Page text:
Francesco Schettino, captain of the ill-fated Costa Concordia, may be the least popular man in Europe. However, he does have at least one fan. Domnica Cemortan (sometimes spelled "Dominica Cermotan") of Moldova is doing her best to defend Schettino's honor.
The 25-year-old gave an interview with Moldova's Jurnal TV. She claims Schettino "did a great thing, he saved over 3,000 lives" and that he stayed on deck until 11:50 p.m., an assertion that contradicts other reports. The ship sank on Jan. 14. Eleven people have been confirmed dead; 21 more are missing.
Cemortan has worked on cruise ships, but she claims, according to ABC News, to have been onboard the Costa Concordia as a passenger. The trip, she has said, was a birthday present.
Over the past several days, web interest in Cemortan has skyrocketed. Information about the Moldovan is scant; several photos, however, apparently from her Facebook account, have surfaced.
According to the U.K.'s Telegraph, Cemortan said in an interview that she feels Schettino is being unfairly criticized: "Look at how many people are alive because of him. It's a tragedy that people are missing, but he saved over 3,000 people on that ship because of his actions."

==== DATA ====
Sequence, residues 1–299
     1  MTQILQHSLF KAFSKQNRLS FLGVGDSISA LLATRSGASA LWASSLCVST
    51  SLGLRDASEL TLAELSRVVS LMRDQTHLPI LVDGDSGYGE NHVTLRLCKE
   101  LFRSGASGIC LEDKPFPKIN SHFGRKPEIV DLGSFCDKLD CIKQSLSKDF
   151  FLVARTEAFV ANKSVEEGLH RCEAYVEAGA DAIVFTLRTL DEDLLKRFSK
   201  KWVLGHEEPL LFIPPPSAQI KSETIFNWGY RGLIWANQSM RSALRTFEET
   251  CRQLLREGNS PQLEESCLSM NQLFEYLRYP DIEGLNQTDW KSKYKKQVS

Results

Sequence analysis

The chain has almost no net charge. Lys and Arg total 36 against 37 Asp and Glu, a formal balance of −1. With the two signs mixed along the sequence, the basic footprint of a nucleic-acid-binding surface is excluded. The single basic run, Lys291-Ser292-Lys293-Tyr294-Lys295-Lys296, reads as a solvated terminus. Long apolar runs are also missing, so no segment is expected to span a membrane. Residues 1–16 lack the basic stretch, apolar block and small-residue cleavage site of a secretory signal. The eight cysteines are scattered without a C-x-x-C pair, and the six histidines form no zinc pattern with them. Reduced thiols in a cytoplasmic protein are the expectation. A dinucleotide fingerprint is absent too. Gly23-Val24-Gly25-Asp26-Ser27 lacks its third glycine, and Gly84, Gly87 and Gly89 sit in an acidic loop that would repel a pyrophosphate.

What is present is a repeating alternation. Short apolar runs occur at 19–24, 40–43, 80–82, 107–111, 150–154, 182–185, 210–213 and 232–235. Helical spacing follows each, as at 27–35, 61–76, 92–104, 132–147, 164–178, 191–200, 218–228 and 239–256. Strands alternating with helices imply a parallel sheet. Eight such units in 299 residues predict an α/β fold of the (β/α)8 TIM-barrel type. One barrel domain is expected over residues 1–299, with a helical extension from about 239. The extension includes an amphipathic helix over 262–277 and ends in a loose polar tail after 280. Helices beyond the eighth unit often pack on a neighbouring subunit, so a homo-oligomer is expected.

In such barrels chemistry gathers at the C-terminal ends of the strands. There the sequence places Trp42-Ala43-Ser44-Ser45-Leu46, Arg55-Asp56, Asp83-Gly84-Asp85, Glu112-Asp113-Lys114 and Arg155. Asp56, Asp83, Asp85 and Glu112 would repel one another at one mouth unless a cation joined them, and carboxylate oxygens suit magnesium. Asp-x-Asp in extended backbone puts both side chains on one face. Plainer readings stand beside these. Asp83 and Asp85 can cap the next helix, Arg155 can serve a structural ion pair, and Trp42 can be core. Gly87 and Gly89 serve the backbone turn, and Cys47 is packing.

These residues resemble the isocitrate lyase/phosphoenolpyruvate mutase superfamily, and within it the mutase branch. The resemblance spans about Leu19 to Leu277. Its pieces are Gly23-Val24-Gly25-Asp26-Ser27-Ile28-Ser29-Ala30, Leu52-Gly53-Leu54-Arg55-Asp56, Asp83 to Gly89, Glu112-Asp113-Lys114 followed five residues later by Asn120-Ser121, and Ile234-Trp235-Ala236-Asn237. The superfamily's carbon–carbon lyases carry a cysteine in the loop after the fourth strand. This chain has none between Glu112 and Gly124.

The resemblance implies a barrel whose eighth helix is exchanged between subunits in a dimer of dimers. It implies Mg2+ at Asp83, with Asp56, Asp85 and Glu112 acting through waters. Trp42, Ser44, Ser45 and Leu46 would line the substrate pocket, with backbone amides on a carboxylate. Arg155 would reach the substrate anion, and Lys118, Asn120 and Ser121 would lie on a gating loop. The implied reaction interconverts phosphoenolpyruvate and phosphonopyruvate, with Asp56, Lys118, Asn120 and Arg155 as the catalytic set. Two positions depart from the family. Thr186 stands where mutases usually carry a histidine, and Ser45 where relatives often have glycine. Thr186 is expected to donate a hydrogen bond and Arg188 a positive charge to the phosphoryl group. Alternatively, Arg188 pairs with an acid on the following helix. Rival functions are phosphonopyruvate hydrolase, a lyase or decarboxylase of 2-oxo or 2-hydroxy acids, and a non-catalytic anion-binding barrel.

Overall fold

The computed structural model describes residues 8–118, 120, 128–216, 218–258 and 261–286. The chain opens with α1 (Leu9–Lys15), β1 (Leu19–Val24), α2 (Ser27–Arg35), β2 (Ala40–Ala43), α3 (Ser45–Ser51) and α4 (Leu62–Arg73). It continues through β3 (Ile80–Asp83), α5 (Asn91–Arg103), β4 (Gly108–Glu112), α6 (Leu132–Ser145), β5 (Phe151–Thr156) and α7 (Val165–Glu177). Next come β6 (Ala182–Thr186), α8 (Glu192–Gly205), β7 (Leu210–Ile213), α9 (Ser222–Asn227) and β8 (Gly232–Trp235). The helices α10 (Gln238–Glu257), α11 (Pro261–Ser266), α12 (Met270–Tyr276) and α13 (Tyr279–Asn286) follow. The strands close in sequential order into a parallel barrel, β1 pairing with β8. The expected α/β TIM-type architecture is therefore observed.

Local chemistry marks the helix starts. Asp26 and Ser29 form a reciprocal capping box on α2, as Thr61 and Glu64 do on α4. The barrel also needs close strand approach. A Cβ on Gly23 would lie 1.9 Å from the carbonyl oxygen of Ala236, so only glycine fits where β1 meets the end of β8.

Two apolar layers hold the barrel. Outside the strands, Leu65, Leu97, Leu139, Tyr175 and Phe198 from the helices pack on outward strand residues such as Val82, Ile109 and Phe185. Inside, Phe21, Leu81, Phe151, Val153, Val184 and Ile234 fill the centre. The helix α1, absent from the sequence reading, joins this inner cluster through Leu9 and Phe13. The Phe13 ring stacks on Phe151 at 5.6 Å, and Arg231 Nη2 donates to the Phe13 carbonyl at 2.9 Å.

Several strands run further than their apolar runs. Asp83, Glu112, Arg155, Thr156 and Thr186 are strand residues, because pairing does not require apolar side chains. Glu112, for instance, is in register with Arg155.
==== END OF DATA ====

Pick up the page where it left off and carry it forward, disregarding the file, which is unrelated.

According to the AP, Cemortan posted on her Facebook page that "she wasn't on duty the night of the grounding but was with Schettino, other officers and the cruise director on the bridge. She said she was called up from dinner to help with translations of instructions for how the small number of Russian passengers should evacuate."
Authorities are eager to speak with her, as it has been widely reported that she was with Schettino during the disaster. Cemortan denies she is the captain's girlfriend. She's also said that reports the captain was drinking in the ship's bar are false.
The captain has claimed that he fell into the life boat when the ship tilted the side, an assertion that has been widely mocked. A recently released audiotape of an Italian Coast Guard official yelling at the captain to get back on board has inspired t-shirts and Facebook pages.